food + drinkNothing but the best for British astronaut as chef Heston Blumenthal cooks up his rations
News
Kim Wilde began gardening in the 1990s when she moved to the countryside
peopleThe singer is leading an appeal for the charity Thrive, which uses the therapy of horticulture
ebooks
ebooksA special investigation by Andy McSmith
Sport
Alexis Sanchez celebrates scoring a second for Arsenal against Reading
football
Life and Style
health
Voices
An easy-peel potato; Dave Hax has come up with an ingenious method in food preparation
voicesDave Hax's domestic tips are reminiscent of George Orwell's tea routine. The world might need revolution, but we like to sweat the small stuff, says DJ Taylor
News
i100
News
Japan's population is projected to fall dramatically in the next 50 years (Wikimedia)
news
Life and Style
Buyers of secondhand cars are searching out shades last seen in cop show ‘The Sweeney’
motoringFlares and flounce are back on catwalks but a revival in ’70s car paintjobs was a stack-heeled step too far – until now
  • Get to the point
Latest stories from i100
Have you tried new the Independent Digital Edition apps?

Day In a Page

NHS struggling to monitor the safety and efficacy of its services outsourced to private providers

Who's monitoring the outsourced NHS services?

A report finds that private firms are not being properly assessed for their quality of care
Zac Goldsmith: 'I'll trigger a by-election over Heathrow'

Zac Goldsmith: 'I'll trigger a by-election over Heathrow'

The Tory MP said he did not want to stand again unless his party's manifesto ruled out a third runway. But he's doing so. Watch this space
How do Greek voters feel about Syriza's backtracking on its anti-austerity pledge?

How do Greeks feel about Syriza?

Five voters from different backgrounds tell us what they expect from Syriza's charismatic leader Alexis Tsipras
From Iraq to Libya and Syria: The wars that come back to haunt us

The wars that come back to haunt us

David Cameron should not escape blame for his role in conflicts that are still raging, argues Patrick Cockburn
Sam Baker and Lauren Laverne: Too busy to surf? Head to The Pool

Too busy to surf? Head to The Pool

A new website is trying to declutter the internet to help busy women. Holly Williams meets the founders
Heston Blumenthal to cook up a spice odyssey for British astronaut manning the International Space Station

UK's Major Tum to blast off on a spice odyssey

Nothing but the best for British astronaut as chef Heston Blumenthal cooks up his rations
John Harrison's 'longitude' clock sets new record - 300 years on

‘Longitude’ clock sets new record - 300 years on

Greenwich horologists celebrate as it keeps to within a second of real time over a 100-day test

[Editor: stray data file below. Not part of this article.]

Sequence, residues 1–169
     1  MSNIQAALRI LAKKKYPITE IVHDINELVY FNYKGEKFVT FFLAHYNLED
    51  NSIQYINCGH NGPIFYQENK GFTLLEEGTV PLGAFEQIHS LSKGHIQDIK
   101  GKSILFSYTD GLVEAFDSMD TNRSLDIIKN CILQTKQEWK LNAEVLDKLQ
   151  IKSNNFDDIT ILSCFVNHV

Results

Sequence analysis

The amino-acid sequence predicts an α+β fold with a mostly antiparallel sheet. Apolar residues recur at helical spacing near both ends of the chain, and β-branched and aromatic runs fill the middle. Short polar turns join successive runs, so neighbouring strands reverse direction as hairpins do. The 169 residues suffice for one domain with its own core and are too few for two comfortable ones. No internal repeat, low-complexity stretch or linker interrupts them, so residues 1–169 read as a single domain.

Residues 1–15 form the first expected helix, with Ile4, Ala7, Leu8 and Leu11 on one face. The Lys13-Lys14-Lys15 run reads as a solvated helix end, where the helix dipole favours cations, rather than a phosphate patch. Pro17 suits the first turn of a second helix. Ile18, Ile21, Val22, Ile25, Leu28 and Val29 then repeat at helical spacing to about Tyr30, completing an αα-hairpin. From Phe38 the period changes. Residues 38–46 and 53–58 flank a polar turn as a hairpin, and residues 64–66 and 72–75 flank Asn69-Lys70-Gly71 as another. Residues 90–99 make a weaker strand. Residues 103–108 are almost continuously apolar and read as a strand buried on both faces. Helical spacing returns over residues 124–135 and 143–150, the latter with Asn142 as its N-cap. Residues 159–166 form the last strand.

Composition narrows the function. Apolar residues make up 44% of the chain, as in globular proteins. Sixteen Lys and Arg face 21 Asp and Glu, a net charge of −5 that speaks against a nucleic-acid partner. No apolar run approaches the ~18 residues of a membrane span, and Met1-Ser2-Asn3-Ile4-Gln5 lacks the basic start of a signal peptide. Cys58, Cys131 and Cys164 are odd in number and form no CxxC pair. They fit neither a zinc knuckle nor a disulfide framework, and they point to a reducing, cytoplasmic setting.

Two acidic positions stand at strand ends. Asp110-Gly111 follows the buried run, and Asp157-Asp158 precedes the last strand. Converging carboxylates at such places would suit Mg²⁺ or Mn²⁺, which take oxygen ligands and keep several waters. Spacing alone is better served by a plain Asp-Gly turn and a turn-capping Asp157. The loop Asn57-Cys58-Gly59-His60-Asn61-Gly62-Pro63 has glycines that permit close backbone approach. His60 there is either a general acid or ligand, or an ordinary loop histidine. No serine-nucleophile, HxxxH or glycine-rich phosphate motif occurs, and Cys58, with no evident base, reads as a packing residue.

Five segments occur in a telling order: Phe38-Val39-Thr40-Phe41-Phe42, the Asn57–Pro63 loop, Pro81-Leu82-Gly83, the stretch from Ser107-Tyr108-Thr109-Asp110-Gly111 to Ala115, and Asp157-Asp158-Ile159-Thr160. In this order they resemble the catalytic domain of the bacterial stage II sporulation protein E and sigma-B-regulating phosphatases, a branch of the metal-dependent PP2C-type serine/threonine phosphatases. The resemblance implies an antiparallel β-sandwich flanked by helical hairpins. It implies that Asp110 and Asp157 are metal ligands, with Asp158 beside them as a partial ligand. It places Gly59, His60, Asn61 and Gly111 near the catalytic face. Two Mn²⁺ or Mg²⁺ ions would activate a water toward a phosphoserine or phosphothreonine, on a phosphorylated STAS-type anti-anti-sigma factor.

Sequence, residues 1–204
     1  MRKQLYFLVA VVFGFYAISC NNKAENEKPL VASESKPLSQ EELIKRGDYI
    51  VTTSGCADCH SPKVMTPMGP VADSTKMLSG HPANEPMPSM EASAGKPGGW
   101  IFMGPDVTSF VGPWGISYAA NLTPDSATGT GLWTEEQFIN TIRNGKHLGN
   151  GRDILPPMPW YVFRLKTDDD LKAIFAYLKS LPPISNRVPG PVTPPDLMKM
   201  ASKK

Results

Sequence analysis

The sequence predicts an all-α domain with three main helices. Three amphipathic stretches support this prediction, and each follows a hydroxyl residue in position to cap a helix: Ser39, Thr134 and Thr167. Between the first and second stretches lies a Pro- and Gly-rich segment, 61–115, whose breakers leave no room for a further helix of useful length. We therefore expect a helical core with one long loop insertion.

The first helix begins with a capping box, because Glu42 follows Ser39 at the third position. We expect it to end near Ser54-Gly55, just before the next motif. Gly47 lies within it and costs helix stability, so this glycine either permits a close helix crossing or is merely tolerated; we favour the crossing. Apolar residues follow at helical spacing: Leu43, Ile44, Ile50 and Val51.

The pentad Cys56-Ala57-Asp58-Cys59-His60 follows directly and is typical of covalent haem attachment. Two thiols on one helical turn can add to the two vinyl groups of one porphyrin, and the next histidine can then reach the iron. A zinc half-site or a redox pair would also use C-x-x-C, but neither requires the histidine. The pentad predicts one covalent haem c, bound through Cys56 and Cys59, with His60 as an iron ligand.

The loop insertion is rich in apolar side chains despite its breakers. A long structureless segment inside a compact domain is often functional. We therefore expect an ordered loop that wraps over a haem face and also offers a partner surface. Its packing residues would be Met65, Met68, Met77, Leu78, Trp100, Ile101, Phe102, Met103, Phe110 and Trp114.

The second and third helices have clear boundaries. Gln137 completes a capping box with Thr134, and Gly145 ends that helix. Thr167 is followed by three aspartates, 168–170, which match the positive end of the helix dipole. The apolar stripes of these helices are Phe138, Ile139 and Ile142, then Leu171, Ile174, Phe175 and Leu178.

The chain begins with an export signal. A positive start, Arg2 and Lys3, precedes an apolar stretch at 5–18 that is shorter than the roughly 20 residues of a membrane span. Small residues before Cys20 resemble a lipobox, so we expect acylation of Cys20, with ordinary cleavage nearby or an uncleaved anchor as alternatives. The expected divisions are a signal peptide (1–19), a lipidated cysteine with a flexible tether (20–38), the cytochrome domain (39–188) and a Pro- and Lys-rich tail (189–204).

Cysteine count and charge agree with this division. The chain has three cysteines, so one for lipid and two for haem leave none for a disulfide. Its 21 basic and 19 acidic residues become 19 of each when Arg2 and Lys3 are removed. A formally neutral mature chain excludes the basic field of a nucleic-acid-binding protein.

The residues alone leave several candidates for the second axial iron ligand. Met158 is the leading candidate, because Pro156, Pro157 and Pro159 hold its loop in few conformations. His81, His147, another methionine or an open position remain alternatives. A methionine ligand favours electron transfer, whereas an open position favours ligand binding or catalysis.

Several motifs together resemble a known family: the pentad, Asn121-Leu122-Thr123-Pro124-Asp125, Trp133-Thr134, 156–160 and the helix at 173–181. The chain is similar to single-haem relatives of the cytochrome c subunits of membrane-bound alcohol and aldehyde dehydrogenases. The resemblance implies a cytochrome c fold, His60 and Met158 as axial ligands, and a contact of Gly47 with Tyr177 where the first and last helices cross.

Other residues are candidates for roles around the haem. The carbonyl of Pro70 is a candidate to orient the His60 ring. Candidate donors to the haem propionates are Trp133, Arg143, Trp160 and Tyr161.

Fears in the US of being outgunned in the vital propaganda wars by Russia, China - and even Isis - have prompted a rethink on overseas broadcasters

Let the propaganda wars begin - again

'Accurate, objective, comprehensive': that was Voice of America's creed, but now its masters want it to promote US policy, reports Rupert Cornwell
Why Japan's incredible long-distance runners will never win the London Marathon

Japan's incredible long-distance runners

Every year, Japanese long-distance runners post some of the world's fastest times – yet, come next weekend, not a single elite competitor from the country will be at the London Marathon
Why does Tom Drury remain the greatest writer you've never heard of?

Tom Drury: The quiet American

His debut was considered one of the finest novels of the past 50 years, and he is every bit the equal of his contemporaries, Jonathan Franzen, Dave Eggers and David Foster Wallace
You should judge a person by how they peel a potato

You should judge a person by how they peel a potato

Dave Hax's domestic tips are reminiscent of George Orwell's tea routine. The world might need revolution, but we like to sweat the small stuff, says DJ Taylor
Beige is back: The drab car colours of the 1970s are proving popular again

Beige to the future

Flares and flounce are back on catwalks but a revival in ’70s car paintjobs was a stack-heeled step too far – until now
Bill Granger recipes: Our chef's dishes highlight the delicate essence of fresh cheeses

Bill Granger cooks with fresh cheeses

More delicate on the palate, milder, fresh cheeses can also be kinder to the waistline
Aston Villa vs Liverpool: 'This FA Cup run has been wonderful,' says veteran Shay Given

Shay Given: 'This FA Cup run has been wonderful'

The Villa keeper has been overlooked for a long time and has unhappy memories of the national stadium – but he is savouring his chance to play at Wembley
Timeless drama of Championship race in league of its own - Michael Calvin

Michael Calvin's Last Word

Timeless drama of Championship race in league of its own